Kigali's first art gallery, Ivuka Arts, opened in 2007, in the neighbourhood of Kacyiru. Today, there are almost 10 galleries in the city, including Yego Arts, where you'll find work by up-and-coming artists, as well as a packed calendar of events. Another favourite is the Niyo Art Gallery – artists who exhibit here agree to donate a portion of their profits to Niyo Cultural Center, where street kids can go to learn how to sing, drum and dance. Strangely enough, one of the best places to pick up some Rwandan art is the five-star Kigali Marriott in the city centre. The lobby is home to Go Kigali, a boutique specialising in local artwork.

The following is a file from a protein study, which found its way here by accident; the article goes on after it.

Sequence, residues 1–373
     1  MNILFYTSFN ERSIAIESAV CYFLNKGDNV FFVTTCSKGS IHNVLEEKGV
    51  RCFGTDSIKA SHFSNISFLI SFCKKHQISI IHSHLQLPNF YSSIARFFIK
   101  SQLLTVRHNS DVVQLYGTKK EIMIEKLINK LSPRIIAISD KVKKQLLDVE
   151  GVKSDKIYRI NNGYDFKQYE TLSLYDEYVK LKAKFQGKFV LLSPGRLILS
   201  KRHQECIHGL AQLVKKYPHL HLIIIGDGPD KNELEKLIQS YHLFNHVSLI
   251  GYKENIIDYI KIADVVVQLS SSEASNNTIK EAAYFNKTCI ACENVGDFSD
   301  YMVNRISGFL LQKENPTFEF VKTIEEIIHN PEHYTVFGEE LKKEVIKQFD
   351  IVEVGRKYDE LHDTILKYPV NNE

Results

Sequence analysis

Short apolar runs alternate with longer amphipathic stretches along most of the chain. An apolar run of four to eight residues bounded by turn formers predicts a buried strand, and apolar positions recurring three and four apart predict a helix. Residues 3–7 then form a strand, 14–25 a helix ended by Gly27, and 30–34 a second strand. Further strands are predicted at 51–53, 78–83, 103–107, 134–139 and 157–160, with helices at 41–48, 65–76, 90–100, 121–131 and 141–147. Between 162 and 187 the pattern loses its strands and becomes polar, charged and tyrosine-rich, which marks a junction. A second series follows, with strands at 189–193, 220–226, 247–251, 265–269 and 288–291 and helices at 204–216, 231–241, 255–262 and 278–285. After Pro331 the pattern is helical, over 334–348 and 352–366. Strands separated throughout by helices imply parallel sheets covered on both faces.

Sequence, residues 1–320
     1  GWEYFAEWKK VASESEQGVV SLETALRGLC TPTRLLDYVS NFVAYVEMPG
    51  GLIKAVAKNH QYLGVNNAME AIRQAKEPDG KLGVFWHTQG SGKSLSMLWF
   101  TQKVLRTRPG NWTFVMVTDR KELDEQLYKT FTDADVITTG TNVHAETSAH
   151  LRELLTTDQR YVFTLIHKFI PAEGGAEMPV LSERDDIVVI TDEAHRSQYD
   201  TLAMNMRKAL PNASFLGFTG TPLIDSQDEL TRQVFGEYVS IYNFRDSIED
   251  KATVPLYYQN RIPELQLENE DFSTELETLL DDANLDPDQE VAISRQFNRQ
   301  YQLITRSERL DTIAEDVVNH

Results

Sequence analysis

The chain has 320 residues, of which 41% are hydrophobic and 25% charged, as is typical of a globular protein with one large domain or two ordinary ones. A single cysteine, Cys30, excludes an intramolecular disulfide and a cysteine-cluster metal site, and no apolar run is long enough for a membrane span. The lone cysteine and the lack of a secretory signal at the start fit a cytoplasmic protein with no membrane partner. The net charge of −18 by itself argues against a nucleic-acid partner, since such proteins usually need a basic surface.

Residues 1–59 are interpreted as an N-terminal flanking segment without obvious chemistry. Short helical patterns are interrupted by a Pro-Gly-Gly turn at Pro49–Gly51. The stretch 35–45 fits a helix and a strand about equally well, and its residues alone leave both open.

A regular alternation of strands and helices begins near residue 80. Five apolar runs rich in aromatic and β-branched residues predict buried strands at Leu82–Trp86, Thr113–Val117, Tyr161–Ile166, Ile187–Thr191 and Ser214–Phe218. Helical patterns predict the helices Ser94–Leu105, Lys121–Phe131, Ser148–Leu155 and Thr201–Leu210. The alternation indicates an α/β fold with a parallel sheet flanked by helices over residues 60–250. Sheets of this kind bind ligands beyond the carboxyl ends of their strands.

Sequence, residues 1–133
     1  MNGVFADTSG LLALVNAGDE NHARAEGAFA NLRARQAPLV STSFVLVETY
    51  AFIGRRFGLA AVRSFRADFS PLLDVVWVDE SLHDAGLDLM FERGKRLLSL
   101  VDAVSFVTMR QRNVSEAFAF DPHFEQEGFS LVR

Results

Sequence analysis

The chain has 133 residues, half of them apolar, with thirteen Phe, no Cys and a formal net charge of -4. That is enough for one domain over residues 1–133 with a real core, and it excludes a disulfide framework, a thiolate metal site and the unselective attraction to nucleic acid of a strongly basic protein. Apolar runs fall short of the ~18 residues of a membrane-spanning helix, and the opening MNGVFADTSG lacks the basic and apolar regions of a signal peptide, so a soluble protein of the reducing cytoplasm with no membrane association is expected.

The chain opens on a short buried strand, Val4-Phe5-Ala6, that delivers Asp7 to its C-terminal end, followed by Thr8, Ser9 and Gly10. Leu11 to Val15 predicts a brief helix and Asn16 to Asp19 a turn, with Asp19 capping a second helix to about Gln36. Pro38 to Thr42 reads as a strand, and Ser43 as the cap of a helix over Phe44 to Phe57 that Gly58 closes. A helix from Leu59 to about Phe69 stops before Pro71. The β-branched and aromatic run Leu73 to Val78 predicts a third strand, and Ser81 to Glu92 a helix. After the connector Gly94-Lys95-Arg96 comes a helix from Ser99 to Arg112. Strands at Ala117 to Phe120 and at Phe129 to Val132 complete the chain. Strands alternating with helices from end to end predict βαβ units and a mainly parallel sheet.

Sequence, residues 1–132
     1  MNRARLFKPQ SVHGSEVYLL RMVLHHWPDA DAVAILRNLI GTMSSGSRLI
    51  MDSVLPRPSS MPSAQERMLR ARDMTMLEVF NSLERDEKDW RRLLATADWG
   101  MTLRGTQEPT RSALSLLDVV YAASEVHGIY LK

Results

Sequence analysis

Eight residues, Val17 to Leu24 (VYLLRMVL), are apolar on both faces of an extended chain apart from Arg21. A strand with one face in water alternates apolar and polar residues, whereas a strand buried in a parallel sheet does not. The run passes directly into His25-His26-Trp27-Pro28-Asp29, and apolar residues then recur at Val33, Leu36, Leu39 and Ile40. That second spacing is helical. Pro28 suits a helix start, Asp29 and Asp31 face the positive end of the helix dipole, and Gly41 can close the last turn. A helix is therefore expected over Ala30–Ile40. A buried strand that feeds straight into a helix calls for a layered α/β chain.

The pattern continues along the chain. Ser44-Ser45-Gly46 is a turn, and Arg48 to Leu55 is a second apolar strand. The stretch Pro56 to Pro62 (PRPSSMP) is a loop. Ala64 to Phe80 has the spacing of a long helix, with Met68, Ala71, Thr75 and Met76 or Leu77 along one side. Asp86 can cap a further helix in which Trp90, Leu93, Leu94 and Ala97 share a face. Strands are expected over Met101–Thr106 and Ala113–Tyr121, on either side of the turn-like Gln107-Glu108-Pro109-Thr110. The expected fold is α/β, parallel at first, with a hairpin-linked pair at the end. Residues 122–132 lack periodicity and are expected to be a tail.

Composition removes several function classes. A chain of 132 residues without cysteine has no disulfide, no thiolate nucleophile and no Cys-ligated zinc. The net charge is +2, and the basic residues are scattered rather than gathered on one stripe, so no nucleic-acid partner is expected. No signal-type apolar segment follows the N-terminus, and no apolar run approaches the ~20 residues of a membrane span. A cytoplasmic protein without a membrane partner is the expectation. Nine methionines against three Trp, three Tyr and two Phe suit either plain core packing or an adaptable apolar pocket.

You don't have to be a cricket fan to be appreciate the sport here. The city's beautiful new Gahanga Cricket Stadium, with its curved buildings inspired by Rwanda's hills (and a café sponsored by Yorkshire Tea), was unveiled in 2017. The former grounds were part of the École Technique Officielle complex, the scene of one of the genocide's worst massacres, so the move was an essential part of the city's healing process. Eric Dusingizimana, the captain of Rwanda's cricket team, raised money for the new grounds' construction by breaking the world record for spending the longest time batting (he lasted 51 hours, if you were wondering). Head to this striking sports venue to take in the view of Kigali from the grassy banks and to raise a tea-themed toast to this wonderful city.